In the New York Times, Adam Liptak has a piece on the trend of Supreme Court opinions accepting and restating facts appearing in amicus briefing, some of which facts are later revealed to be erroneous or based on questionable studies: "Seeking Facts, Justices Settle for What Briefs Tell Them." This is a phenomenon that was heavily criticized by Justice Scalia in his dissent in Sykes v. United States, No. 09-11311 (2011):
UPDATE [7/22/14]: Professor Hamburger has a further piece on distinguishing the rule of law from rule by law.
by professor Randy Barnett here.
“The King to the sheriff, greetings.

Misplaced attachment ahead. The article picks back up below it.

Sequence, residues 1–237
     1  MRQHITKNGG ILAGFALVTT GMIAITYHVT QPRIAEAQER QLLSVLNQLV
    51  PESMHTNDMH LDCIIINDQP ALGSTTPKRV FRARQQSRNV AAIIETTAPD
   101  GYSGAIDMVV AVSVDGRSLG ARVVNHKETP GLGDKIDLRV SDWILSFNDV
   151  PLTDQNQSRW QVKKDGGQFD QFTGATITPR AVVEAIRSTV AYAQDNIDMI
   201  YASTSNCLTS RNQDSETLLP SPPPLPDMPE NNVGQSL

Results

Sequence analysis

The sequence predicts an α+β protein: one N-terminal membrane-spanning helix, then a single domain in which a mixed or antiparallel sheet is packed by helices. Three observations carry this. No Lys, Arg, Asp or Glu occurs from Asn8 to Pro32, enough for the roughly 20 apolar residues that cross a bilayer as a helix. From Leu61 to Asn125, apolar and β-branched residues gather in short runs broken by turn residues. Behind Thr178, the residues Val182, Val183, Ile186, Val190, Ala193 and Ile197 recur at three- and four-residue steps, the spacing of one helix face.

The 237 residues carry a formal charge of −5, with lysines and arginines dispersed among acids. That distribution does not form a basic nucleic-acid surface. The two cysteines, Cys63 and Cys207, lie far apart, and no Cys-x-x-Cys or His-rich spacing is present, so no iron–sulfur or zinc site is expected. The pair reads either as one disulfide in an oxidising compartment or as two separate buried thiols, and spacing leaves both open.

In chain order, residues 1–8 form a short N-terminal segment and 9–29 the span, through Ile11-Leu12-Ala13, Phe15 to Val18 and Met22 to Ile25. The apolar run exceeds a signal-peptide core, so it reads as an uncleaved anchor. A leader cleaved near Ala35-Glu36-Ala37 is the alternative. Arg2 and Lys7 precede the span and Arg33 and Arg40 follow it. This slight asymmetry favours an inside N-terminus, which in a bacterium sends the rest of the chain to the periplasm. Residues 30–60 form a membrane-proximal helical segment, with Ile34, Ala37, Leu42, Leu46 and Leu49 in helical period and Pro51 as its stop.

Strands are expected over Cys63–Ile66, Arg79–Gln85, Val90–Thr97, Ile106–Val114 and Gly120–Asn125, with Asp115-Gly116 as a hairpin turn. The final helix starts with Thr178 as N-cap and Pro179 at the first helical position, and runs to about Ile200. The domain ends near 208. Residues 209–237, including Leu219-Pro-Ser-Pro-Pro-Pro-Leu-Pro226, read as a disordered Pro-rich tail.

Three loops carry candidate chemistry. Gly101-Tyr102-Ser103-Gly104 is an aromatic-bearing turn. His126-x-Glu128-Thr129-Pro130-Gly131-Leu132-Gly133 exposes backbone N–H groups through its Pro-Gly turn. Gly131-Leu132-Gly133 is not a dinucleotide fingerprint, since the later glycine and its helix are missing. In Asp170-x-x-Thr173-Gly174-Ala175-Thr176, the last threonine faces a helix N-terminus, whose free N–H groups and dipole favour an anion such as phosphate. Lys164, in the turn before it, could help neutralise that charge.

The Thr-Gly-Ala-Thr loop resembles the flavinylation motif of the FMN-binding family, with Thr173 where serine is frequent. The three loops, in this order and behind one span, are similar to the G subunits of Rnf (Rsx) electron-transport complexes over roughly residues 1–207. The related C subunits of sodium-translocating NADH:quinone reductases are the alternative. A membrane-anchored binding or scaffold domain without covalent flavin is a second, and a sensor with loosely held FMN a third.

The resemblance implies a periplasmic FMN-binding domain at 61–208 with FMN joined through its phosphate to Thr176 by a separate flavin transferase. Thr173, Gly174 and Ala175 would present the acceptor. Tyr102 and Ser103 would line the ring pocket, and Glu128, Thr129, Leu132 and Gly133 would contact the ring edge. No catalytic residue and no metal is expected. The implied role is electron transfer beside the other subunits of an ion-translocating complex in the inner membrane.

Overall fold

Editor's note: early in the life of this blog we attempted to provide a famous quotation from legal history, sometimes with extensive commentary and historical perspective (see here) in a piece entitled "Legal Quote of the Week." It's
At Mosaic Magazine, Joshua Berman writes on a variety of issues in Jewish law or halakha, and in particular the distinction between statutory and common-law approaches to the law.
For fun, as we complete our (very) last minute tax year transactions, let’s ponder some tax quotations from 20th century politicians—